Malian refugees in Mauritania are enduring "deplorable" conditions in the Mbera refugee camp that is causing levels of malnutrition to increase, according to MSF.
The situation in the camp has worsened since the Frence led military intervention in January, according to the medical aid agency.
Conditions at the camp are so bad that many healthy children are getting ill upon arrival and malnutrition rates have more than doubled. MSF said:
"The number of children admitted per week for severe malnutrition has more than doubled, [...] despite the nutritional status of the new refugees being generally good when assessed on arrival in the camp."
The MSF report, Stranded in the Desert, is based on testimony from more than 100 residents of the Mbera camp, near the border with Mali.
Thousands of refugees fleeing the ongoing conflict in Mali are facing appalling living conditions in the Mbera refugee camp in Mauritania, according to medical aid agency Medecines Sans Frontieres (MSF)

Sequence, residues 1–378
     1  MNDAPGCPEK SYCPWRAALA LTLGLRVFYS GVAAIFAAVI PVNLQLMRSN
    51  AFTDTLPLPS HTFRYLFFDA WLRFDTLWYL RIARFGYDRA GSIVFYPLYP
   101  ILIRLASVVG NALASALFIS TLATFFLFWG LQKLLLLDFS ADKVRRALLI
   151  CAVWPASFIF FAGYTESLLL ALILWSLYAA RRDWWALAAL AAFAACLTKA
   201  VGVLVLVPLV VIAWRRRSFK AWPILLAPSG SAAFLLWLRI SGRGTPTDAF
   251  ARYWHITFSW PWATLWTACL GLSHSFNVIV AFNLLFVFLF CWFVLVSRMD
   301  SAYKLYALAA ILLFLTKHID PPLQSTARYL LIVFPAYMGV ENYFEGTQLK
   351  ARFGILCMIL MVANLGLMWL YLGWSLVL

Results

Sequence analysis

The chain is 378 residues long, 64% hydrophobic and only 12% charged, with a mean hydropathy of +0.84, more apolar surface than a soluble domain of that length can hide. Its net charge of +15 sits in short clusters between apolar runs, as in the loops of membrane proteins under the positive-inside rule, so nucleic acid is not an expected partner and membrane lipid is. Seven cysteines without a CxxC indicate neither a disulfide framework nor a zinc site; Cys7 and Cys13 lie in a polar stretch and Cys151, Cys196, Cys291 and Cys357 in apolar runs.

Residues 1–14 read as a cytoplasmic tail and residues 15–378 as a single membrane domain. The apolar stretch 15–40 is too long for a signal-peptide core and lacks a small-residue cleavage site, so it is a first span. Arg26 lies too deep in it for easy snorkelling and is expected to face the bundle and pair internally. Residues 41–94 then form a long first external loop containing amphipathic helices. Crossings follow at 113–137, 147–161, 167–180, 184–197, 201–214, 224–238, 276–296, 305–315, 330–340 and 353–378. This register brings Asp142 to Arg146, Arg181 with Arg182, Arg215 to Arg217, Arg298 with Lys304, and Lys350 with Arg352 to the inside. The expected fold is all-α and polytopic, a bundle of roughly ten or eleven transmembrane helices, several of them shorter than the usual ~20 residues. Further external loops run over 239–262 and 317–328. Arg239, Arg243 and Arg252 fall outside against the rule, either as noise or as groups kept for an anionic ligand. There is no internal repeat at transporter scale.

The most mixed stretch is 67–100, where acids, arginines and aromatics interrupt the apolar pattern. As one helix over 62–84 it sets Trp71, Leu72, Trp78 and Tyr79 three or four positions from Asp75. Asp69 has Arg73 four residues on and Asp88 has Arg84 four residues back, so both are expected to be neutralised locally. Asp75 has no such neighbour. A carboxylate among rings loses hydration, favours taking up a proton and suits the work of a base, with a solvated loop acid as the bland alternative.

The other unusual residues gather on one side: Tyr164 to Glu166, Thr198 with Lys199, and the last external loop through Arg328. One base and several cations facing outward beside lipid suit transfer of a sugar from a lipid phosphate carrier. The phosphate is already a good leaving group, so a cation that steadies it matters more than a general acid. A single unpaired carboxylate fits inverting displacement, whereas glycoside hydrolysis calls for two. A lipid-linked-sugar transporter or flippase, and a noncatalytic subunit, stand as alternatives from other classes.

The camp, located in a remote, arid region close to the border with Mali is home to 70,000 people who are relying entirely on aid agencies to meet their most basic needs.
Provisions are "far from adequate" with a desperate shortage of toilets and supplies: In January when MSF arrived there were only four latrines for 12,200 people.
The area suffers from a chronic lack of water and refugees are receiving only 11 litre of water a day in 50C heat - 9 litres less than recommended.
Mauritania President Mohamed Ould Abdel Aziz, who was "lightly wounded" after a military patrol accidentally fired on his convoy on Saturday, is currently undergoing treatment at a military hospital in the capital Nouakchott, a source at the presidency and two military sources told Reuters.
Mauritanian President Mohamed Ould Abdel Aziz was "lightly wounded" after a Mauritanian military patrol accidentally opened fire on his convoy on Saturday, a government spokesman confirmed.
They said Abdel Aziz was traveling by road when the incident occurred.
Security forces blocked roads leading to the hospital, witnesses said.
Abdullah Al-Senussi, former head of Colonel Gaddafi's Libyan Intelligence Service, is to face charges in Mauritania for illegal entry, judicial sources told the Reuters news agency.